By Alex Distefano
By Scott Snowden
By Anna Merlan
By Steve Almond
By Jena Ardell
By Jon Campbell
By Alan Scherstuhl
By Tessa Stuart
Jack's father died when he was four, so Jack, propelled by loss in his own life, became a father to a generation of journalists. His two children, Rebecca and Joey, shared him with Maggie Haberman, Joanne Wasserman, Stu Marques, Marcia Kramer, Tom Robbins, Jim Callaghan, Paul Berman, Joe Conason, Jill Gardner, John P. Avlon, Bill Bastone, Mark Jacobson, myself, and many others. We still feel his hand guiding us whenever our fingers hit the keys. We will hear his whispered advice for thousands of stories yet to be written: Discover. Dissect. Dig. Track. Reveal. Confront. Besiege. Level. Care.
The journalists he adopted loved Jack Newfield, just like his lifelong brothers and sisters in typeHentoff, Breslin, Pete Hamill, Murray Kempton, Nick Pileggi, Paul DuBrul, José Torres, Paul Cowan, Jules Feiffer, Eric Breindel, Joyce Wadler, Arthur Browne, Stanley Crouch, Norman Mailer, Gil Spencer, Victor Navasky, James Ridgeway, Wallace Matthews, Alex Cockburn, Dave Seifman, Fred Dicker, Susan Brownmiller, Juan Gonzalez, and Bob Caro.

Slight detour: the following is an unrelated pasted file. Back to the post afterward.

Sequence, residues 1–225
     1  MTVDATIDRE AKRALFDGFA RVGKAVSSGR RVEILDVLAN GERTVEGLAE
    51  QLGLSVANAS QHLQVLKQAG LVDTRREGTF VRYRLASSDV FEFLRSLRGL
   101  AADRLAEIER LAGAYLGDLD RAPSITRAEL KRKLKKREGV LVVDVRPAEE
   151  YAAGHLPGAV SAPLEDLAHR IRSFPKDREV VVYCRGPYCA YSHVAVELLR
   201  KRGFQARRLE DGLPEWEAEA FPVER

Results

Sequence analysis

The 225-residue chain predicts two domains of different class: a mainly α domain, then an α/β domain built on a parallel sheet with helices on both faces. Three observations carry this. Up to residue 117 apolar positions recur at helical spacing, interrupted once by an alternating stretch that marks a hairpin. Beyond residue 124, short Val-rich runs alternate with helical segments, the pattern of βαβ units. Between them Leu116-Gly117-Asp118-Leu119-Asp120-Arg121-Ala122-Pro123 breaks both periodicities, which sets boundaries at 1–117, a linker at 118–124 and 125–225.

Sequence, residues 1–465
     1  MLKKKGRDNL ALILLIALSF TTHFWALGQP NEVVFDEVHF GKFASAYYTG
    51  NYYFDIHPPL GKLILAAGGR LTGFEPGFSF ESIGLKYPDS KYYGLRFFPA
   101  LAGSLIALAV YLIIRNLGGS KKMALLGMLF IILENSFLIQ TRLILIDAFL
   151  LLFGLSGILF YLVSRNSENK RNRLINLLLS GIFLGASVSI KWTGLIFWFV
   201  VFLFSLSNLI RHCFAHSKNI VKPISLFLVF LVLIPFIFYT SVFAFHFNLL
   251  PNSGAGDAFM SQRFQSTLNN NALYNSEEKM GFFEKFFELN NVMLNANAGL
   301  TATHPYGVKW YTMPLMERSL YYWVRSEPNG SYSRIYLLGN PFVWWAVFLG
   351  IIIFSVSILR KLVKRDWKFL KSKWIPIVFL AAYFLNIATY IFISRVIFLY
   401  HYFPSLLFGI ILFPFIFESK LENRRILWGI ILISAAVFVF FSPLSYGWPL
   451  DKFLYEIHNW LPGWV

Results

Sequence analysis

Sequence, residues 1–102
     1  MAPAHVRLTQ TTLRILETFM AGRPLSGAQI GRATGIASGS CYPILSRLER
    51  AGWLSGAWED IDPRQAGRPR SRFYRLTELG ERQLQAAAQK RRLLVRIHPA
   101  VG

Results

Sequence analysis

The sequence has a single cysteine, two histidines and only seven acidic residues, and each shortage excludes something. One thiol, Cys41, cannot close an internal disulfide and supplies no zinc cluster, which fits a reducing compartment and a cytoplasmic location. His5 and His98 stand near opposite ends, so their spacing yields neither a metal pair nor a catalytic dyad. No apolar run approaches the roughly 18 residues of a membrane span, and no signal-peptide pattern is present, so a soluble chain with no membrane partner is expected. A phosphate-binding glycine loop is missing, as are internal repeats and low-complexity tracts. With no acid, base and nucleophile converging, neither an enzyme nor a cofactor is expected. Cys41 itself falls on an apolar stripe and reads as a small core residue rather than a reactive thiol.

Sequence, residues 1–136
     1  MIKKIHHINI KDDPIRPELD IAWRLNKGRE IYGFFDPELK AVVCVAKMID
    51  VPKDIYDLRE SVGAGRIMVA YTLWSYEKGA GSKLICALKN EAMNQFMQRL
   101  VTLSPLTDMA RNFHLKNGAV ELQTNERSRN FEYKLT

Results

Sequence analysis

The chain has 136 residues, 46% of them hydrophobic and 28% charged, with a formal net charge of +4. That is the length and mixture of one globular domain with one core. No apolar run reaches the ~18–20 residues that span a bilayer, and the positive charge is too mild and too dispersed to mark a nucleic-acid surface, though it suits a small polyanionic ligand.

For these fellow truthtellers, and for his readers across four decades, there is no better tribute than the one he quoted himself, in the final pages of his memoir, taken from a speech Martin Luther King delivered just 60 days before his assassination:
"I don't want a long funeral. I'd like somebody to say that Martin Luther King Jr. tried to love somebody. Say that I was a drum major for justice. Say that I was a drum major for peace. That I was a drum major for righteousness. And all the other shallow things won't matter. I won't have any money to leave behind. I won't have the fine and luxurious things to leave behind. I just want to leave a committed life behind."